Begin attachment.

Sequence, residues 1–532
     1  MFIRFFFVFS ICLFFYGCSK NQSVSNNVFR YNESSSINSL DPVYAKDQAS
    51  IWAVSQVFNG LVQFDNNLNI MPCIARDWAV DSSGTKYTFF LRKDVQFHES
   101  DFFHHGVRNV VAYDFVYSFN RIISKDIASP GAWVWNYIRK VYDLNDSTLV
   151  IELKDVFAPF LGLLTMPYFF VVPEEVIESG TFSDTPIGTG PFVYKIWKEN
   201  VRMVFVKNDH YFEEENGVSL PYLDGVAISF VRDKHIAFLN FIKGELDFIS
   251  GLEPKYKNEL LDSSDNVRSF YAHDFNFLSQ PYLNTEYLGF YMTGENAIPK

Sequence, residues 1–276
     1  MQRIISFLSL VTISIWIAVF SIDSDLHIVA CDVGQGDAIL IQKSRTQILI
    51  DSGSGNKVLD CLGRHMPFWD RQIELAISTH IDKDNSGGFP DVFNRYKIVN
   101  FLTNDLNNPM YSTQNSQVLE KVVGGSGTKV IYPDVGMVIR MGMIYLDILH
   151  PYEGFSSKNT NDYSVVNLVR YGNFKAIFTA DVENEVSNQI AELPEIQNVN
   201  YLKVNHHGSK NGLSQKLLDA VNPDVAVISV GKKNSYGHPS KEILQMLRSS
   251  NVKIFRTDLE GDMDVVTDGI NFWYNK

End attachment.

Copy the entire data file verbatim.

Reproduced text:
Sequence, residues 1–532
     1  MFIRFFFVFS ICLFFYGCSK NQSVSNNVFR YNESSSINSL DPVYAKDQAS
    51  IWAVSQVFNG LVQFDNNLNI MPCIARDWAV DSSGTKYTFF LRKDVQFHES
   101  DFFHHGVRNV VAYDFVYSFN RIISKDIASP GAWVWNYIRK VYDLNDSTLV
   151  IELKDVFAPF LGLLTMPYFF VVPEEVIESG TFSDTPIGTG PFVYKIWKEN
   201  VRMVFVKNDH YFEEENGVSL PYLDGVAISF VRDKHIAFLN FIKGELDFIS
   251  GLEPKYKNEL LDSSDNVRSF YAHDFNFLSQ PYLNTEYLGF YMTGENAIPK

Sequence, residues 1–276
     1  MQRIISFLSL VTISIWIAVF SIDSDLHIVA CDVGQGDAIL IQKSRTQILI
    51  DSGSGNKVLD CLGRHMPFWD RQIELAISTH IDKDNSGGFP DVFNRYKIVN
   101  FLTNDLNNPM YSTQNSQVLE KVVGGSGTKV IYPDVGMVIR MGMIYLDILH
   151  PYEGFSSKNT NDYSVVNLVR YGNFKAIFTA DVENEVSNQI AELPEIQNVN
   201  YLKVNHHGSK NGLSQKLLDA VNPDVAVISV GKKNSYGHPS KEILQMLRSS
   251  NVKIFRTDLE GDMDVVTDGI NFWYNK